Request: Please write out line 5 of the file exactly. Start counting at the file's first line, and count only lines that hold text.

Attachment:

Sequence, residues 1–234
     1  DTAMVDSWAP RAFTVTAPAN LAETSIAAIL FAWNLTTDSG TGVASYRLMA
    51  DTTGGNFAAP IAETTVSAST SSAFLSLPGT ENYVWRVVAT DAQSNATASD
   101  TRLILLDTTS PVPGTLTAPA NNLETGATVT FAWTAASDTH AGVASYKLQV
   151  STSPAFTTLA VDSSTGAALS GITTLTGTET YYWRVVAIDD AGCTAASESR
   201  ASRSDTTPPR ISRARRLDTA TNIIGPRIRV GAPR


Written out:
   151  STSPAFTTLA VDSSTGAALS GITTLTGTET YYWRVVAIDD AGCTAASESR